I always love the magic behind Fog Magic.  I grew up in the fog, I saw how it will creep and sneak along the ground one day and roll in as if swallowing you up the next.  I loved the idea that you could walk into the mist and come upon something that was never there by the light of the sun but could exist in that liminal space that fog can create.  Sauer does an excellent job of describing the mystery of the fog and the rules of this world are fairly well defined.  The fact that Greta can only reach Blue Cove through the fog and that time is different there allows the story to move quickly through a year without being bogged down with day to day details.

The story is a simple one, but is enchanting in its simplicity.  We are able to see some of the key events in the lives of the people at Blue Cove and can really feel Greta's sense of other-worldliness in having prior knowledge of the outcome of these events but no way to change them.  She develops a simple and sweet friendship with Retha and becomes close with her family, who appear to know more about this mystery that Greta does herself.  I do wish that some of the minor mysteries, like what happened to make everyone leave Blue Cove or who Anthony really is, were answered as these are the questions that keep me wondering and wishing there was a sequel to this book. 

This book will always be a favorite of mine and it makes me happy simply to see a copy resting on my shelves, awaiting the next grey, foggy day.

Notable Quotables:
"Most of us live in two worlds - our real world and the one we build or spin ourselves out of the books we read, the heroes we admire, the things we hope to do." 

Teaching/Parental Notes:

Middle Grade
Gender: Both
Sex: None
Violence: None
Inappropriate Language: None
Substance Use/Abuse: None

Sunday, February 9, 2014

Sound Off Sunday - Book Clubs


Sound Off Sunday is a weekly event hosted by Reading Between Classes.  This is your chance to speak your mind.  Each week will feature a new question or topic on which you can share your thoughts.

This week's Sound Off topic is: Book Clubs

How many people have been involved, at one time or another, in a book club? And, how many people have watched the book club devolve into drinking and debauchery (well, maybe not quite to debauchery but at least drinking)?  Book clubs have become the chief dasher of hopes in my life.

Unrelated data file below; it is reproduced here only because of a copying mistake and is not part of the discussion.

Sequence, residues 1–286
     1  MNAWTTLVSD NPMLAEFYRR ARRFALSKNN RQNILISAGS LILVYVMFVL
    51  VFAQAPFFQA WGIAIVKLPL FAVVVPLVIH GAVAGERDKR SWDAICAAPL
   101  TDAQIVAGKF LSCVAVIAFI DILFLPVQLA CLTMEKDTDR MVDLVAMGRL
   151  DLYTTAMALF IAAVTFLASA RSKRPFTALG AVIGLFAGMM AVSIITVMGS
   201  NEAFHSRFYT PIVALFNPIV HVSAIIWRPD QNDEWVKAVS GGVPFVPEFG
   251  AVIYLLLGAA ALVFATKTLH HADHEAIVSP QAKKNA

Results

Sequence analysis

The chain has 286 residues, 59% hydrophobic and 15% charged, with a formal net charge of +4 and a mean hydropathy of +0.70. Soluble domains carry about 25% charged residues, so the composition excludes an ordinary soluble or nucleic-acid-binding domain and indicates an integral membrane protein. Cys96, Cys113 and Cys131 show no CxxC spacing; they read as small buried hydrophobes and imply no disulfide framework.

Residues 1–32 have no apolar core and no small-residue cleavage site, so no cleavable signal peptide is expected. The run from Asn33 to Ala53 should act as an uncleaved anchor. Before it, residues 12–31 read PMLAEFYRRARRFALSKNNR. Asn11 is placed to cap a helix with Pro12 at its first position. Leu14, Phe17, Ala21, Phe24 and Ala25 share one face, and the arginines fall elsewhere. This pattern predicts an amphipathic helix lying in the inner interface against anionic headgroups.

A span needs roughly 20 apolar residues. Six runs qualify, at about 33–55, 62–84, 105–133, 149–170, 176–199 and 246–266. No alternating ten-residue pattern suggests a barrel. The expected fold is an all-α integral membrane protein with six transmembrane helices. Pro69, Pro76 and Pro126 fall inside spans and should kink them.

I was part of an adult book club a few years ago.  It was the one evening that I escaped the drudgery of motherhood and wifehood and had an evening to myself.  We met every 6 weeks or so and whoever was the host got the honor of choosing the book for that meeting.  The group featured a group of women with varying tastes in genre and writing style, so we got to read pretty different books each weeks.  This went well for about 6 months.  Then things fell apart.  More and more people showed up having not read the book or, worse, did not show up at all.  Eventually, members starting leaving citing that they didn't have time to read.  SERIOUSLY?  You don't have time to read one book in 6 weeks???  If you joined a book club, you must have had some interest in actually reading, and yet, your life is filled with so many other things that you cannot even attempt to read one book in 6 weeks?  

Since it fell apart, I have missed the companionship that the book club provided.  I have attempted to find other book clubs in the area or to find like minded individuals in order to start one of my own, but none have arisen.  Last week, I discovered that a local bookstore which is a favorite of mine, is starting a book club.  I spread the word to my friends - no takers, I shared the link - barely a whisper.  I went to the first meet and greet in which we had planned to choose a book and lo and behold, found myself and one other person.  I was so disappointed.